made arguments on the defendants'
behalf. The fees were reduced 5 percent
for Maslon and 10 percent for the Center

for Individual Rights, which also repre-
sented the plaintiffs, due to unnecessary
or redundant services.

Breslin

COMMENTARY
By Daniel Bremmer,
Gennaro Filice, Bob
Hunt, Sharad Mattu
and Brian Schick
Daily Sports Senior Editors
For tonight's game, the five
senior editors who weren't
able to go to the Breslin Cen-
ter for the Michigan basketball
game watched it at the Daily
last night. Here is a collective
running commentary on their
views:
7:03 p.m. Damn, Erin
Andrews is looking reeeeeally
gooooood.....
7:05 p.m. Dani Wohl is
starting? Jesus Christ...
7:06 p.m. Holy shit, we're
winning!
7:08 p.m. Does Amadou Ba
really bother to put a jersey on
for this game? If he took off his
warm-ups off, he's probably
got a T-shirt on.
7:09 p.m. We're taking
bets... will seven points be the
biggest lead of the game?
7:10 p.m. John Andrews
enters the lineup. Why did
Amaker decide to start Wohl if
he was only going to play one
minute?
7:14 p.m. The first "Tilt"
promo of the night. We doubt
that Brent Musburger's enthu-
siasm could be any lower. We
know this isn't football, but
show us something.
7:17 p.m. Hard to believe
that out of the lineup on the
floor - Wohl, Andrews, J.C.
Mathis, Brent Petway and Ron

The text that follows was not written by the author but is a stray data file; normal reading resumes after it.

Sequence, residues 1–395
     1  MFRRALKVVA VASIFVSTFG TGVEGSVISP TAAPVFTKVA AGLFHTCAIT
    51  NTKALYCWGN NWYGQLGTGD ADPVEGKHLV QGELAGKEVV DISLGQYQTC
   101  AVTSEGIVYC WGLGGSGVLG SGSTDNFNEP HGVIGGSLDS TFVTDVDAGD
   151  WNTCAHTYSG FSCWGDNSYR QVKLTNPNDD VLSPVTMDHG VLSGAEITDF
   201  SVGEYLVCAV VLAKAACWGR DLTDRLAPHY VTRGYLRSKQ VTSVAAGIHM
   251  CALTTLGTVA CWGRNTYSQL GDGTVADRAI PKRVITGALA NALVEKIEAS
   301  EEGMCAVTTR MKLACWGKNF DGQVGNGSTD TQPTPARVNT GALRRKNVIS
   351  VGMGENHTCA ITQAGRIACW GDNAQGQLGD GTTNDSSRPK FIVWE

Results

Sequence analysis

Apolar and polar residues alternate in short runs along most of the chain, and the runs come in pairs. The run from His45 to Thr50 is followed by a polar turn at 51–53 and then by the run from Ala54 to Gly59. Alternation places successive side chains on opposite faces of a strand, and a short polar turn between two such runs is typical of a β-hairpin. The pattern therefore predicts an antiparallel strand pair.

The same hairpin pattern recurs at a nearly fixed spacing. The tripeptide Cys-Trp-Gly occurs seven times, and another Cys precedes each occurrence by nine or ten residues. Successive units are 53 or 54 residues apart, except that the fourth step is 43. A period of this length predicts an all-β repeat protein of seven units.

Coleman - that the freshman
would be the No. 1 option.
7:19 p.m. Boy, Courtney
Sims really has a sheepish look
on his face at all time. This
is the look of Michigan's big
man?
7:21 p.m. We really hope
that the trainer who told Lester
Abram to rehab his shoulder
and not to have surgery will be
See COMMENTARY, Page 7

beat down
State hands
Blue its thirdI
straightloss
By Josh Holman
Daily Sports Writer

EAST LANSING - In basketball, 10 out of 11 is
usually pretty good. For the Wolverines, 10 out of
11 is a reminder of just how bad things have been.
Michigan State (5-1 Big Ten, 13-3 overall) beat
Michigan 64-53 at the Breslin Center last night,
their tenth victory out of the last 11 matchups
between the two teams.
"We're very disappointed," Michigan coach
Tommy Amaker said. "We didn't come here just to
show up, we came here to win."
Michigan State guard Maurice Ager led all scor-
ers with 18 points on 7-for-16 shooting.
Michigan (3-3, 12-8) brought a balanced scor-
ing attack to the court, with four players scoring in
double digits. Sophomores Dion Harris and Court-
ney Sims each had 12 points while freshman Ron
Coleman and junior Chris Hunter each chipped in
10 points.
But past those four players, Michigan sorely
lacked any sort of offensive output.
Despite remaining close into halftime, the Wol-
verines could not fend off the Spartans for long.
Michigan State began the second half with an 8-0
run, giving it enough breathing room for the rest of
the game.
"I thought that their ability to get some easy (bas-
kets) quickly really put a dent in our gameplan to
try and manage the game and keep it within strik-
ing distance," Amaker said.
The Wolverines closed the gap to nine at one
point, but spent most of the second half out of that
proverbial striking distance.
"We look at it as a positive, considering how we
ended the game," Coleman said. "We didn't just
give up. We kept playing hard."
Both teams began last night's game with uncer-
tainties prior to tipoff.
Hunter and Michigan State forward Paul Davis